Aside from needing proper meters to make sure, it sounds like you are fine as far as levels are concerned. I wouldn't take into account someone telling me that the mix "seems hot" in their FCP room. If the MIX is approved and passes QC, it is in spec.

We do a lot of work for PBS and their QC is no joke. Follow the spec to the letter. If you are unsure, ask them to provide you a copy of the latest tech guidelines.
Old 19th November 2011
  #9
Lives for gear
 
Henchman's Avatar
Quote:
Originally Posted by Frank S. View Post
Aside from needing proper meters to make sure, it sounds like you are fine as far as levels are concerned. I wouldn't take into account someone telling me that the mix "seems hot" in their FCP room. If the MIX is approved and passes QC, it is in spec.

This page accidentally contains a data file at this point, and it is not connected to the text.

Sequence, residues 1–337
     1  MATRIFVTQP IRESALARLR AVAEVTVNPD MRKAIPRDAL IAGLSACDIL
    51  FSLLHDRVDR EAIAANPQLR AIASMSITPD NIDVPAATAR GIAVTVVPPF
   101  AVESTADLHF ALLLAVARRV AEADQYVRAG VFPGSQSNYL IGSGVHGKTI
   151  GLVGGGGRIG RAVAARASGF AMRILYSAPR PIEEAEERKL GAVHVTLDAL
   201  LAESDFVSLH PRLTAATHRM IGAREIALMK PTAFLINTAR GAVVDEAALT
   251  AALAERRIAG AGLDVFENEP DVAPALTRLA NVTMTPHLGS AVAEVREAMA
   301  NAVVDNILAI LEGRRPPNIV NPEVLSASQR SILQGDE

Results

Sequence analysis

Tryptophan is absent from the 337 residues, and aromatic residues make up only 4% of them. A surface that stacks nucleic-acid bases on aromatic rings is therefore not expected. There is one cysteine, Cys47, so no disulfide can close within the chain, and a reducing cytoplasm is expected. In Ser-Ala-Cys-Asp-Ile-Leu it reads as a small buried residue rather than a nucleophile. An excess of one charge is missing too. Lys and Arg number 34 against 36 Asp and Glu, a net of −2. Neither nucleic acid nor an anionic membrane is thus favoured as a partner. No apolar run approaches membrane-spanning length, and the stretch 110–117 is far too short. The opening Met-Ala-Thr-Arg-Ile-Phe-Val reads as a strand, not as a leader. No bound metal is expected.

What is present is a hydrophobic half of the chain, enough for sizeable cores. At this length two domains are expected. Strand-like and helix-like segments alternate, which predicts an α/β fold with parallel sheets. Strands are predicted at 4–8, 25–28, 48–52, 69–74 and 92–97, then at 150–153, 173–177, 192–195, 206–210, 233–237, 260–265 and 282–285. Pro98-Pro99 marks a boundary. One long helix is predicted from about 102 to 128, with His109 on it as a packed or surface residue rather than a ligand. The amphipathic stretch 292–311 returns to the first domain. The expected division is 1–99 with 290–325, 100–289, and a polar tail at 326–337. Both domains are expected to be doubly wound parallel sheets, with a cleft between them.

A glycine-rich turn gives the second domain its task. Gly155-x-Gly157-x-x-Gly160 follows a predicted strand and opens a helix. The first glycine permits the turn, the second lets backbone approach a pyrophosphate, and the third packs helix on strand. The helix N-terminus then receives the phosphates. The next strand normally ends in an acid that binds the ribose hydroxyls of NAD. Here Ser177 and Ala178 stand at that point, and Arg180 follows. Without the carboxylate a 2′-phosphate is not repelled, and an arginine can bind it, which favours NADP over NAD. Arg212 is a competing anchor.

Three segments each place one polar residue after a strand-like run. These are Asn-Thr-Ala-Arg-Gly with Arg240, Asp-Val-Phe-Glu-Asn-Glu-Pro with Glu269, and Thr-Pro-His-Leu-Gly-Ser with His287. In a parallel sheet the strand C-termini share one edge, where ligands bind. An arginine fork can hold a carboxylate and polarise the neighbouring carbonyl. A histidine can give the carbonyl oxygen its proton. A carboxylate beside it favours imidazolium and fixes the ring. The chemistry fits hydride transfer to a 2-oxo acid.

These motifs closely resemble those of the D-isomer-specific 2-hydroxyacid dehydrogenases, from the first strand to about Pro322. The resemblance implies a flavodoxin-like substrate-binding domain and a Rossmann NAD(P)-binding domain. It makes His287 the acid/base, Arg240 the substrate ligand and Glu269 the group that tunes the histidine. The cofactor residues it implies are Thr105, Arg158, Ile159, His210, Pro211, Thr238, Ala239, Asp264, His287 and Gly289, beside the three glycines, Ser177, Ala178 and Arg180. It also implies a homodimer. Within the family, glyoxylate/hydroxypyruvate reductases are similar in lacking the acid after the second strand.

.
Absolutely agree.
I don't care how ht or low someone else's mix is compared to mine.
If it passes QC, it's fine.
As if anything audio in a FCP room is even close to relating to any kind of calibration.
Old 20th November 2011
  #10
Lives for gear
 

Quote:
Originally Posted by Frank S. View Post
Aside from needing proper meters to make sure, it sounds like you are fine as far as levels are concerned. I wouldn't take into account someone telling me that the mix "seems hot" in their FCP room. If the MIX is approved and passes QC, it is in spec.

We do a lot of work for PBS and their QC is no joke. Follow the spec to the letter. If you are unsure, ask them to provide you a copy of the latest tech guidelines.